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Doctor Who: The Day of the Doctor (Target…

Doctor Who: The Day of the Doctor (Target Collection) (edition 2018)

by Steven Moffat (Author)

Series: Doctor Who

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Title:Doctor Who: The Day of the Doctor (Target Collection)
Authors:Steven Moffat (Author)
Info:BBC Books (2018), 224 pages
Collections:Your library
Tags:Science Fiction, TV Tie-In

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Doctor Who: The Day of the Doctor (Target Collection) by Steven Moffat

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In Doctor Who: The Day of the Doctor, Steven Moffat adapts his story for the 50th Anniversary Special to the novel format in the style of classic Target novelizations of Doctor Who episodes. Using the prose format, Moffat writes a story that revels in the out-of-sequence series of events as the Doctor experienced them. Chapters are deliberately numbered out of order based on which Doctor they describe and when in his own narrative they occurred, though the story still follows the same internal order as the televised episode. Also included are segments between the chapters from the "author" of this account, who uses psychic paper to guide the reader through the events. That author's identity plays a key role to the organization of this retelling. Based on the seemingly interactive nature of the novel, Moffat works in a metatextual reference to the Silence (pg. 133) that's sure to delight.
Moffat uses the freedom of prose to include new asides and references to earlier stories. For example, when portraying the perspective of the newly-regenerated War Doctor and his perception of color, Moffat suggests that the reason the William Hartnell and Patrick Troughton episodes appeared in black-and-white was that those incarnations were color blind (pg. 18). He also finds a way to explain how the Eleventh Doctor appeared to move past the events of the Time War that so plagued his Ninth and Tenth incarnations (pg. 129). In this novel, the Peter Cushing Dr. Who films were the result of information about the Doctor and the TARDIS getting out to the public and the Doctor so enjoyed the films that he befriended Peter Cushing, thereby explaining Cushing's posthumous film credits (pg. 144). Moffat also references the Fourth Doctor story, "Terror of the Zygons" (pg. 152), as a UNIT file. Interestingly, there's a sly reference to Jodie Whittaker's Thirteenth Doctor as well. These asides, while fun, also come with some continuity errors. Moffat makes reference to the Doctor receiving a message from River Song before she headed to The Library, which would seem to contradict "The Husbands of River Song" (pg. 62) and he gives the Twelfth Doctor a much larger role at the end of the Time War (pg. 218).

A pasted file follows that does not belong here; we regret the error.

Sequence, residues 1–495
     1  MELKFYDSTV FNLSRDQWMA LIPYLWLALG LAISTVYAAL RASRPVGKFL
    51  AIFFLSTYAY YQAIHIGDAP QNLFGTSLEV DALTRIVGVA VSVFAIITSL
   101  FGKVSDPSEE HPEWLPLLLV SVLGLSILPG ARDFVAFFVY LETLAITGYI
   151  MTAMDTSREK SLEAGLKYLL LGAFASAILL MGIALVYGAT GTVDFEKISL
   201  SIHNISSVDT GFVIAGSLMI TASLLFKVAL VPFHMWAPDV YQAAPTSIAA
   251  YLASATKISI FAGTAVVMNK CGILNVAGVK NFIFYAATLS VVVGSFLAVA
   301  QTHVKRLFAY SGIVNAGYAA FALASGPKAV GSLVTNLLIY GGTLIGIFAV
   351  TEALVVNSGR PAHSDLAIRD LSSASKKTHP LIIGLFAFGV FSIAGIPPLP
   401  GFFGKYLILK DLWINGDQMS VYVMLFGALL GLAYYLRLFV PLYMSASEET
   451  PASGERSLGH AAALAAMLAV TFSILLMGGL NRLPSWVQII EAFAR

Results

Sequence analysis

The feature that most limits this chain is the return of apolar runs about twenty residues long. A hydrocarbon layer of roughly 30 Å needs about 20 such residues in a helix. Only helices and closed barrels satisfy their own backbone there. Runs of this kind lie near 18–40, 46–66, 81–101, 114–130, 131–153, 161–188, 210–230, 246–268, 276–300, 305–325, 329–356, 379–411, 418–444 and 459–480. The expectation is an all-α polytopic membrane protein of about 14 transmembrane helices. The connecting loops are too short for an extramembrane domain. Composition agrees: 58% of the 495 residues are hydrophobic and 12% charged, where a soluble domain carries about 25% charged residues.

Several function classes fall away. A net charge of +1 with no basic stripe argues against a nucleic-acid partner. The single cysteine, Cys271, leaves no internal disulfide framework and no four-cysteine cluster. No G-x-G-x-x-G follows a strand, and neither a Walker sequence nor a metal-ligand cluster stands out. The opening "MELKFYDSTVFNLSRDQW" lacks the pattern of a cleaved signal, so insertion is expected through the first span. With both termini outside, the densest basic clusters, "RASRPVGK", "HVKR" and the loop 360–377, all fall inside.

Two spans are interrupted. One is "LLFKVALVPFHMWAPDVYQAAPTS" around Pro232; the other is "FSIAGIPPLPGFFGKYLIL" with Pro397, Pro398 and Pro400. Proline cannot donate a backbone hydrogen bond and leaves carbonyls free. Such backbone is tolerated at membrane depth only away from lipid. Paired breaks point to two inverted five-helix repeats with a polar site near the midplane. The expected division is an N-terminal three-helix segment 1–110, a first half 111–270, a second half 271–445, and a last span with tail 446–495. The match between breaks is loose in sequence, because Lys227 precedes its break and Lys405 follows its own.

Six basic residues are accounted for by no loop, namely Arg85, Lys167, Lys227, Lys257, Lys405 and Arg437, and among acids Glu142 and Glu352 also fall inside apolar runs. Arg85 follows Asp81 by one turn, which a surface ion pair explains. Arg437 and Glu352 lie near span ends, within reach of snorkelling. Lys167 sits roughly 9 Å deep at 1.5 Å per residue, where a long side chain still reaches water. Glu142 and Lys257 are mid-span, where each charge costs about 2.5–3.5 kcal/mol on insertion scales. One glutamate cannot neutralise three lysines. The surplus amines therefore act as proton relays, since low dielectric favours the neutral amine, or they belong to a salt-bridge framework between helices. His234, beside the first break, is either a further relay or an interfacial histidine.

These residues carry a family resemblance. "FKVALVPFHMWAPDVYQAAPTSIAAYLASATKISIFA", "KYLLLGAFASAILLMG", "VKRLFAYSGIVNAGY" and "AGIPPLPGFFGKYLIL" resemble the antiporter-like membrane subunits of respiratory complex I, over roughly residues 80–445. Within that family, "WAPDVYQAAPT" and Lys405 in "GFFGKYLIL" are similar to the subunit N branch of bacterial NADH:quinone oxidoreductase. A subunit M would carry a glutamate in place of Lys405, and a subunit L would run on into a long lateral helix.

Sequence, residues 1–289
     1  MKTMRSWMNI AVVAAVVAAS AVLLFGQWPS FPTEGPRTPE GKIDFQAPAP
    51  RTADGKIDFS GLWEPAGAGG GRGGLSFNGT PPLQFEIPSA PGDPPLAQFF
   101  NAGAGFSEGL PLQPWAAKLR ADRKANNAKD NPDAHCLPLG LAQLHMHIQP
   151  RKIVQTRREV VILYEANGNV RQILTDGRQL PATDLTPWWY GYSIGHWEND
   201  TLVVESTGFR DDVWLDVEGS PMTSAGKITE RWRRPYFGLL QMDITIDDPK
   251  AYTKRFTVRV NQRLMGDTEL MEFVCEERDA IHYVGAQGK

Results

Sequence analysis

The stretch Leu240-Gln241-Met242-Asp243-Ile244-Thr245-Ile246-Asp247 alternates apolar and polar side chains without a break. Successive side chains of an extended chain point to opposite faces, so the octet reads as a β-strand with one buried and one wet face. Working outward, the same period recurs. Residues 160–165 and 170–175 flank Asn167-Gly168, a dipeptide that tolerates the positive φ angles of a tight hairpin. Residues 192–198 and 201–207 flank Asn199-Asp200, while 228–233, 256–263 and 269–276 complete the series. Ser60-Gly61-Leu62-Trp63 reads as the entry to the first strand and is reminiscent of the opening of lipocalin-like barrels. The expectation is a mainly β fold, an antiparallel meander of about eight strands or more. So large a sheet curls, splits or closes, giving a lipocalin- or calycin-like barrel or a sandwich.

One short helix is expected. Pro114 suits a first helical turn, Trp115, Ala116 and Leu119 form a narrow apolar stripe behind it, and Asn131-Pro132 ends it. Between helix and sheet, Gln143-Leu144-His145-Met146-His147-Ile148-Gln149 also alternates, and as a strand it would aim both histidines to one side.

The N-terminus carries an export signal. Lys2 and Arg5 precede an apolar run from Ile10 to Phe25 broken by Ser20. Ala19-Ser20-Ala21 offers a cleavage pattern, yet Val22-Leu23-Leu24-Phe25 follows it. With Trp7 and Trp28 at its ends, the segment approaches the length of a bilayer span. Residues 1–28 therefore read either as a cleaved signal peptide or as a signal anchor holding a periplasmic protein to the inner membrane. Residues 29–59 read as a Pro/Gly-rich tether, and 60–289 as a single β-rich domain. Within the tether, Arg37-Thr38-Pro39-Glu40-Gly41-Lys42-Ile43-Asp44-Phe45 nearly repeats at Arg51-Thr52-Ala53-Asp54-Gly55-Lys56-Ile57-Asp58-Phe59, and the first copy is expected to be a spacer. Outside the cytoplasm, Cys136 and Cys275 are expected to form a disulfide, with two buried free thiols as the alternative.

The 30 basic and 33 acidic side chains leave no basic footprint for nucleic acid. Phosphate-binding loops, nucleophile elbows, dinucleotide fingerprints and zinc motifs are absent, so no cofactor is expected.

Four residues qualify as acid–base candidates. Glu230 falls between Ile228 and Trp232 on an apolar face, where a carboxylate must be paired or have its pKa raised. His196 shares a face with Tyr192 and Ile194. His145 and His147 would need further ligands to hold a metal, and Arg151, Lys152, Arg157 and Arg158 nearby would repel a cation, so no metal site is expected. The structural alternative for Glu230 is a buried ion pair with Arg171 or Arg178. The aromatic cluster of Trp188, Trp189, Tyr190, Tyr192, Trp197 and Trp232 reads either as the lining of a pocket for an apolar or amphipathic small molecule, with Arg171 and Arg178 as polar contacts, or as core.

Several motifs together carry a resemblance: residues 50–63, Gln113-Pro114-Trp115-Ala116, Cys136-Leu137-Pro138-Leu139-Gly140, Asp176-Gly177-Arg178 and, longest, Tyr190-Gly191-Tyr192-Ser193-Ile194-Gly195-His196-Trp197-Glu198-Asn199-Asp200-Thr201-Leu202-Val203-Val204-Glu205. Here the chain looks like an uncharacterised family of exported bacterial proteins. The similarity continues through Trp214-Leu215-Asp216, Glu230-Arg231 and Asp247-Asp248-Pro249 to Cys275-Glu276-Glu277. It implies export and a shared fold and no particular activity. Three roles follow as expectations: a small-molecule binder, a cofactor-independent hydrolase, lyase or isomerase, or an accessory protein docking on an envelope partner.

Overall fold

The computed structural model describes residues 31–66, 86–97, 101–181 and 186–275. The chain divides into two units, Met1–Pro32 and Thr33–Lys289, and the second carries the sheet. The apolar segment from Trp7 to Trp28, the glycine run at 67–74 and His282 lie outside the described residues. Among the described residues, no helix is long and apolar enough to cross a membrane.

The overall effect of this novel is fun and Moffat's adaptation offers a sufficiently different experience from the televised episode to keep the reader engaged. Further, the "Easter Eggs" and other references add a layer of depth that goes beyond what the show could do in a televised format. This novelization recalls all the fun of the original Target books and offers something new for those who didn't grow up with them. ( )
  DarthDeverell | Apr 23, 2018 |
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In memory of Sir John Hurt, who saved the Day
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This is the 2018 novelisation of the 2013 TV episode. Please do not combine with any recordings of the original television version.
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